By my way of thinking, there are five levels in categorizing Voters in the 2016 election.
1)people who voted against Trump
2)people who voted for Clinton
3)people who did not vote (or voted third party)
4)people who voted against Clinton
5)people who voted for Trump.
The people who voted for Trump (because they especially liked him) are in a special category all unto themselves. To the degree that their liking of Trump was sincere and "not" based on hate, then I accept their view.
The people who voted for Trump because of anger, I can recognize their choice "to the degree" that they were sure of their facts (not conspiracy theories, fake news or irrational 'post truths').
For the people who didn't vote, I can hear the voice of my father echoing with "why vote for the bastards- you only encourage them". To the degree that you're if this ilk, then I respect your choice to not vote.
For those who especially liked Clinton, though I sympathize with your loss, she was not a very nice person, either. But, she was the safest choice and very highly qualified. Teapot dictators around the world are breathing a sigh of relief about now.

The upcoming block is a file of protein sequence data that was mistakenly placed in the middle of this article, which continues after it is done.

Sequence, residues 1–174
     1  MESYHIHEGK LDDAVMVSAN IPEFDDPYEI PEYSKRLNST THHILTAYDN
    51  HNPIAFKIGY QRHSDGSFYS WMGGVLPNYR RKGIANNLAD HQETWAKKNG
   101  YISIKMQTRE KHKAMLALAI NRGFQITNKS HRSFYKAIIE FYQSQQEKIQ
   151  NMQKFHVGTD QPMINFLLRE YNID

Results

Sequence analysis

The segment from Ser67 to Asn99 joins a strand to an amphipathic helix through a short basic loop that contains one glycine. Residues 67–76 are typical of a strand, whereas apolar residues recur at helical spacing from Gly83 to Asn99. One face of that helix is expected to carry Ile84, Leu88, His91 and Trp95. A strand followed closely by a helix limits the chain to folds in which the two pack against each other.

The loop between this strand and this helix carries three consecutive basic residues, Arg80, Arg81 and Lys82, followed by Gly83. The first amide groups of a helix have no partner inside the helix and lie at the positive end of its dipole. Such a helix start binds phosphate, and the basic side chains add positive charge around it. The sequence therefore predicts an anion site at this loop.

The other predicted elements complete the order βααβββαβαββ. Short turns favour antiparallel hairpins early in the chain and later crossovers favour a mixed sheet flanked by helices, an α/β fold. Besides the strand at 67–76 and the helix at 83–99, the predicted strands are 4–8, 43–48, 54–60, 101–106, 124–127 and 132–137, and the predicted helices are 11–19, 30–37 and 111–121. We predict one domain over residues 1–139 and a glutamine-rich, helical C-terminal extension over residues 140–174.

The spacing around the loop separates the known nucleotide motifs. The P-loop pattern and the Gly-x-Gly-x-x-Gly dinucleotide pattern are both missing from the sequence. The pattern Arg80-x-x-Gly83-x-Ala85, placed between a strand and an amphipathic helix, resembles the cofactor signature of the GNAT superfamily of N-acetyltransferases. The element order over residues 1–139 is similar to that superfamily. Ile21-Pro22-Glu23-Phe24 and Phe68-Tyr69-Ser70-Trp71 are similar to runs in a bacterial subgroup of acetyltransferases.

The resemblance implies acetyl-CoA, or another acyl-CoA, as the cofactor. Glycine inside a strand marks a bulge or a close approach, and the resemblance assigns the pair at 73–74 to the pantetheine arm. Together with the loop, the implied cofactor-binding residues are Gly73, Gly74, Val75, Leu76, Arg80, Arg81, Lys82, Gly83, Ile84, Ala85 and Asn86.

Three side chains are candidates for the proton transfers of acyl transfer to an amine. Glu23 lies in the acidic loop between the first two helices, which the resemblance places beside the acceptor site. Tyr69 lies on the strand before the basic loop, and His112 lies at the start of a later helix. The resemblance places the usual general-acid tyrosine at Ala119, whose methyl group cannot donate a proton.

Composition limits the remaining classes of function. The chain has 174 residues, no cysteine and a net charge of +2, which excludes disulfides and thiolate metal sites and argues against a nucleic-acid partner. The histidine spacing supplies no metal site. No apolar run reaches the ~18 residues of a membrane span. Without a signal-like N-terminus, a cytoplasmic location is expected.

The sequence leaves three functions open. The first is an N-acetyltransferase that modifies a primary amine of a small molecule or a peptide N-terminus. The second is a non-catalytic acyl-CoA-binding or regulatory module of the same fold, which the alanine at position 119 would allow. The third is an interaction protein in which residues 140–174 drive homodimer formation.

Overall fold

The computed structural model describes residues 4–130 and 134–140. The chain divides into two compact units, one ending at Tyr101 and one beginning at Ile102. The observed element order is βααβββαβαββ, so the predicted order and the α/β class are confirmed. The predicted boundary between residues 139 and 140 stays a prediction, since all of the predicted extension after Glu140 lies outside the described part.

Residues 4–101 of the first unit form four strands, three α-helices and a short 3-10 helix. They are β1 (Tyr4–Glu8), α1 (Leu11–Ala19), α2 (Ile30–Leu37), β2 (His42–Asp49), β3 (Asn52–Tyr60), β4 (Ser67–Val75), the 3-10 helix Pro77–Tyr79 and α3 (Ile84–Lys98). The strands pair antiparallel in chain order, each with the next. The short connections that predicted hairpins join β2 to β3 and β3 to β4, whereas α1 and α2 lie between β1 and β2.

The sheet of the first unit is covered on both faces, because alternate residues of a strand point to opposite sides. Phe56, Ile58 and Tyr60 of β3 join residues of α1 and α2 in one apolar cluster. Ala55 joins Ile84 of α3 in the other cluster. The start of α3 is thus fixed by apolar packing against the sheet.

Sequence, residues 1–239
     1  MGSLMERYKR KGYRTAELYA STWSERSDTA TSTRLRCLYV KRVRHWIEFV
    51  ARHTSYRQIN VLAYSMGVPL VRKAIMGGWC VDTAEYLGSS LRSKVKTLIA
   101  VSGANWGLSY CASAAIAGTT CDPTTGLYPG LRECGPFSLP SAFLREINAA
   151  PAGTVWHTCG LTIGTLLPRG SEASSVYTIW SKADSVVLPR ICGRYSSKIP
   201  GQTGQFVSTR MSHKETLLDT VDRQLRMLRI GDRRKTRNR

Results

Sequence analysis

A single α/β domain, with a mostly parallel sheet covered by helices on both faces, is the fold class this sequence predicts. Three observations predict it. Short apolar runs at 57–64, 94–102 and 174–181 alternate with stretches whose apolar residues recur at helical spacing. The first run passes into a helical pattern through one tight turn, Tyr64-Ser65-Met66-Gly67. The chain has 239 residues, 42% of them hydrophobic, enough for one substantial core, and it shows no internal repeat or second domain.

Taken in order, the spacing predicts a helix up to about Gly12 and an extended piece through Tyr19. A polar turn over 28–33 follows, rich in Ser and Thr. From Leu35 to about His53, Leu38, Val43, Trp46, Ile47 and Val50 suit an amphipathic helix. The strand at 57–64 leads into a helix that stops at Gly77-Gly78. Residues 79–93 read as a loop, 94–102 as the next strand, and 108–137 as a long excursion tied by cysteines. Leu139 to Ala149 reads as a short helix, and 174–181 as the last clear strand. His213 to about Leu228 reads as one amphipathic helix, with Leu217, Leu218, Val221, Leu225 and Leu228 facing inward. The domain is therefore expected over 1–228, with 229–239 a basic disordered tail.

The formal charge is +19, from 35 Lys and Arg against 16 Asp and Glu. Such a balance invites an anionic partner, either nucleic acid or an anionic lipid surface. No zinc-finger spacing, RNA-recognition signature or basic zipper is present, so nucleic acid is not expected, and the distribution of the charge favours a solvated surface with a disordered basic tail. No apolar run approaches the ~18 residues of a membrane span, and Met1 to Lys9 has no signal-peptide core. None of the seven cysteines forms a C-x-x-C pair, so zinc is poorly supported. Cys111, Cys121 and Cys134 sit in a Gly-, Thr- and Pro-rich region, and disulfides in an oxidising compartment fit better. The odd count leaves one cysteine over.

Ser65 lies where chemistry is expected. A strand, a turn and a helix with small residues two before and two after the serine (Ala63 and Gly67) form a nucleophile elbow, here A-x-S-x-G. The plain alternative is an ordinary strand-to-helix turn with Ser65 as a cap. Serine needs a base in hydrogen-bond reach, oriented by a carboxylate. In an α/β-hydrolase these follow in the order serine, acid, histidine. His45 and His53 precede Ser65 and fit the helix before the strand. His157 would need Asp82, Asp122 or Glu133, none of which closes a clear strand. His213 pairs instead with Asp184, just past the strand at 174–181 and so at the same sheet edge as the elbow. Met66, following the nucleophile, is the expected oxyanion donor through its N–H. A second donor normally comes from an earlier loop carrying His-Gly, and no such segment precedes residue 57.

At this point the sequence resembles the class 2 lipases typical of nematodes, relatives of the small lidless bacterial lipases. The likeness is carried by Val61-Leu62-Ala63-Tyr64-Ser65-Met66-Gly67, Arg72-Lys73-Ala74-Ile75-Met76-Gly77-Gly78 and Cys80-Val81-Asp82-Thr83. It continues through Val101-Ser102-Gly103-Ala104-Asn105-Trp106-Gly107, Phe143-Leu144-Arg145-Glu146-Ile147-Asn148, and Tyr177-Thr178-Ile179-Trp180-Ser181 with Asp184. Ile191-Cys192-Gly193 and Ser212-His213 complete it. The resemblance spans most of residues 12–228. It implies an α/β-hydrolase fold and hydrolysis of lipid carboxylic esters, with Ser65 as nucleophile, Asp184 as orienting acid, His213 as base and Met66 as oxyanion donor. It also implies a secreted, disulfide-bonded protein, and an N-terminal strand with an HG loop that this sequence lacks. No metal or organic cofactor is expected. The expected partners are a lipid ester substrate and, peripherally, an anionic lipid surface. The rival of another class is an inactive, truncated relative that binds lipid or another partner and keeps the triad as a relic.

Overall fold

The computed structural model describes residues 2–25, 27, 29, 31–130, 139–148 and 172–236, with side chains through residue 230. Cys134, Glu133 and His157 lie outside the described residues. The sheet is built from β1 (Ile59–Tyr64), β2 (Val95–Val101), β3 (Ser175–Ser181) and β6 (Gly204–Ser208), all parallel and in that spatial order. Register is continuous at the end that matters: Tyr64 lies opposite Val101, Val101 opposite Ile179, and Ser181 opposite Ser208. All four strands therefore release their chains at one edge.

For people like me who voted against Trump by voting for Clinton, amongst other reasons, we realize that having one party in control of all three of the Executive, Legislative and Judicial branches is not a good idea. I shouldn't have to explain that. It was taught in high school civics classes as "voting split tickets" to balance power.
Note: If I had believed that Trump would balance our federal budget, I'd have voted for him. But, when he said he would lower the corporate tax rate to 15%, I knew he was still a corporate fat cat at heart. The highest they pay is about 30-35% before tax breaks, subsidies, etcetera leaving them in reality at an average of 15%. Whereas, I am on teacher retirement and social security, and I pay 25%, even after paying GPO/WEP penalty. [I would like to see America return to the graduated tax bracket system like we had in 1986 (adjusted for inflation)]
Federal Individual Income Tax Rates History: